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Nashville Drops A Plan To Desegregate Schools After Feds Cut Funding


Metro Nashville Public Schools has dropped one plan to integrate three of its most racially isolated schools. That’s because a federal grant that could’ve paid for the program has been axed.


The grant program was announced three years ago — shortly before President Trump took office. Nashville would have used its share to encourage middle-class parents to consider Buena Vista Elementary School, Jere Baxter Middle School and Pearl-Cohn Magnet High School.


There’s been rapid gentrification around those schools in North and Northeast Nashville, but they’re only getting more isolated. Enrollment is dropping, as are test scores. The schools are overwhelmingly black and Latino, and almost all of the students are living in poverty. “Middle class parents are evading these schools,” the grant proposal states.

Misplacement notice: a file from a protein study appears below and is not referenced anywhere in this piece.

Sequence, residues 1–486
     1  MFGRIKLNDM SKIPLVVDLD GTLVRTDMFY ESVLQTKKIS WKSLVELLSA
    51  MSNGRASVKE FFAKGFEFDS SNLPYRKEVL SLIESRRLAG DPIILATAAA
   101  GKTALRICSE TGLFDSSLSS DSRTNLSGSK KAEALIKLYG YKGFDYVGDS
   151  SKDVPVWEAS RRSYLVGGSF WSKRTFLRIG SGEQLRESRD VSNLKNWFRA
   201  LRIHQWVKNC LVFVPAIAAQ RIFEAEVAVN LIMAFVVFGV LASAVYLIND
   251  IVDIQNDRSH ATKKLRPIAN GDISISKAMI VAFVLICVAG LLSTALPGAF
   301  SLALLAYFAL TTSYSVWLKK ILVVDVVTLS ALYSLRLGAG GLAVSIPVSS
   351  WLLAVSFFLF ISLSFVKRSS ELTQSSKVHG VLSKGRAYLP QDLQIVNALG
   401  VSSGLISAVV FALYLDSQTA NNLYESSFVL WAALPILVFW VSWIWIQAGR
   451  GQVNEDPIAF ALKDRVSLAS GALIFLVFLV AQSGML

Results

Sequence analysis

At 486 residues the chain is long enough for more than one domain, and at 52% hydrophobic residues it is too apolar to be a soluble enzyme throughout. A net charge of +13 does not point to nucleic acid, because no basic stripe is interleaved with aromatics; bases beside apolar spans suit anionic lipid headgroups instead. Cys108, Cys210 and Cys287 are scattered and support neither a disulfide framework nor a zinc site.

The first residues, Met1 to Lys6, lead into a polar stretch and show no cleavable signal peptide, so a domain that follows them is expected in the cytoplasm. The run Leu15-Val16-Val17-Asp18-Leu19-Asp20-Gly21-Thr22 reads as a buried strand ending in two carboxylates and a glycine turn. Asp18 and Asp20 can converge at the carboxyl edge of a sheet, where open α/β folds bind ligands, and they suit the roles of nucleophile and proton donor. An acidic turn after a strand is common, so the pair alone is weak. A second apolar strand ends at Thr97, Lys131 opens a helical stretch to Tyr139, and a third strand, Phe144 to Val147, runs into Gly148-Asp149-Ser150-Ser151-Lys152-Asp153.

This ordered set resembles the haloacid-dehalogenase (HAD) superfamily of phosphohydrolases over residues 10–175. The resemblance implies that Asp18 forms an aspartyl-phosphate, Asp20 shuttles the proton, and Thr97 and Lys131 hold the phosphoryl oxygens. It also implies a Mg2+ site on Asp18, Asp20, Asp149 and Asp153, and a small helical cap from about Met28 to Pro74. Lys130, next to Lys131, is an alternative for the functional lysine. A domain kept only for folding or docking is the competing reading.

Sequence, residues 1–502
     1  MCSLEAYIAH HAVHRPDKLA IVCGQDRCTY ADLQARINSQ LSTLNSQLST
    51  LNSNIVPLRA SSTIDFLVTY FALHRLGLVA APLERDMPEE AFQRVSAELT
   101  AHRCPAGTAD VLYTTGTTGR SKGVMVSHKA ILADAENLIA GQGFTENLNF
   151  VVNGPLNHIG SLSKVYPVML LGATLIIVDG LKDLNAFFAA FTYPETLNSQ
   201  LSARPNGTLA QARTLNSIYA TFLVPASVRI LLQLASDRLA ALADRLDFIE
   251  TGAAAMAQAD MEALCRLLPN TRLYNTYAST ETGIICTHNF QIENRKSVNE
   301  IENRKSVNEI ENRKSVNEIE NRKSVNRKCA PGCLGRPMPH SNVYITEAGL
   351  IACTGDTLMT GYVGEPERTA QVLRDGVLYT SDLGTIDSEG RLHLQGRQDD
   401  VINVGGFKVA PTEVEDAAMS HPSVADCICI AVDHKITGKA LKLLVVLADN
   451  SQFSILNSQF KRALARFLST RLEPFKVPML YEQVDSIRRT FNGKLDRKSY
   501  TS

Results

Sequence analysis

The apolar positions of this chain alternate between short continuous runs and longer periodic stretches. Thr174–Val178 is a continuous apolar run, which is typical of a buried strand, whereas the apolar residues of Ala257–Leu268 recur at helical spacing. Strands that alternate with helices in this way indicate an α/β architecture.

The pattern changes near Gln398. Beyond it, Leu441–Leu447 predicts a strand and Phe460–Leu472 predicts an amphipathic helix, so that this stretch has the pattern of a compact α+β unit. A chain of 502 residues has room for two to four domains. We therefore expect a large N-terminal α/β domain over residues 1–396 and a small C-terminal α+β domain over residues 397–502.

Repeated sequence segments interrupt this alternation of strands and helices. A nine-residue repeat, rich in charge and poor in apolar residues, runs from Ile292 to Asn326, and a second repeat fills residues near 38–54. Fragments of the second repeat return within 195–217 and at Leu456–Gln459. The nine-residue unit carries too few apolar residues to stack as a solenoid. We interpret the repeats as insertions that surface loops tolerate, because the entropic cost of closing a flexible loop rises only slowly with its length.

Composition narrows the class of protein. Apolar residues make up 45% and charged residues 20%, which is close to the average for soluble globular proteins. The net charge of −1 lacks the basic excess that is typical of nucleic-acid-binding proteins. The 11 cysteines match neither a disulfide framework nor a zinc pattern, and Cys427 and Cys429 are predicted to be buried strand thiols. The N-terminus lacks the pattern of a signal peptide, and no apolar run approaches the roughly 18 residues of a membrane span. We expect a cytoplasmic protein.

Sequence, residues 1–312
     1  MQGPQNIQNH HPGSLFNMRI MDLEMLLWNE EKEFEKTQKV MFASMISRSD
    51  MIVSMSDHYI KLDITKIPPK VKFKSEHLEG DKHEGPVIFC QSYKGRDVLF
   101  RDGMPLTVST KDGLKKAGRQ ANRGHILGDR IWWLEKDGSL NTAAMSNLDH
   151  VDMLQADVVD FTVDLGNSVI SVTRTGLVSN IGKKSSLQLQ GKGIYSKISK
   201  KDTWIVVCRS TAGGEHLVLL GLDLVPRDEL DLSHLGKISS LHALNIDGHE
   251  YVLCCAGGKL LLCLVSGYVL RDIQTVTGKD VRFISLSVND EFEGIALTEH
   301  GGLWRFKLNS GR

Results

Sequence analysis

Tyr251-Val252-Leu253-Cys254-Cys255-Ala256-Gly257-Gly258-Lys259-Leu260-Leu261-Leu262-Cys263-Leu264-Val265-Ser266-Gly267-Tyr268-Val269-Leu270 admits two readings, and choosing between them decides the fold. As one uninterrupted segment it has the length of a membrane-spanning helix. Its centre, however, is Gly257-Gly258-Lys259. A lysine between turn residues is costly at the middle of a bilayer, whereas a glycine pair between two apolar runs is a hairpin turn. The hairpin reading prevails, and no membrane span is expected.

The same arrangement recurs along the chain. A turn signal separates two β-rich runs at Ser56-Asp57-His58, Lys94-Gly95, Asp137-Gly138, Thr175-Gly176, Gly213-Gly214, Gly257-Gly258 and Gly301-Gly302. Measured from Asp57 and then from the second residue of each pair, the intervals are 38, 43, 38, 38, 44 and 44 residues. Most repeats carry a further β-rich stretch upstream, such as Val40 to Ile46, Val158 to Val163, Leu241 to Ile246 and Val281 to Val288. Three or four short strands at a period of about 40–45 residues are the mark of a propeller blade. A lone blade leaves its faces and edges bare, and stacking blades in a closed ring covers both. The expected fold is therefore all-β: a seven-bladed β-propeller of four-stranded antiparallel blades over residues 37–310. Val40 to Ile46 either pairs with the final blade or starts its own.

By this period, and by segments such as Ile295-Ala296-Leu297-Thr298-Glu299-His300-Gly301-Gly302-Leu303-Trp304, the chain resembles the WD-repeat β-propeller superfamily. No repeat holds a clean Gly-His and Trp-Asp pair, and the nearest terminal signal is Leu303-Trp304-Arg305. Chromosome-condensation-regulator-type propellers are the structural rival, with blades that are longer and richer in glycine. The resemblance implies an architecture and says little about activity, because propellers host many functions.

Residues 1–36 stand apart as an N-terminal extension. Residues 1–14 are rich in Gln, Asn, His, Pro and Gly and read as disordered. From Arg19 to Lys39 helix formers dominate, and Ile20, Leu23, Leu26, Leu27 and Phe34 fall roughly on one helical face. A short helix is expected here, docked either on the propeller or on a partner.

In a candid assessment of Pearl-Cohn’s music-based magnet program, the district said the school has failed to lure students from other attendance areas, as well as failed to retain students zoned to the school.


But without federal funding, a Metro Schools spokesman says they can’t go forward with the program.


Chalkbeat reports that Nashville was one of nearly 30 districts around the country that applied for the federal money.


MERIBAH KNIGHT

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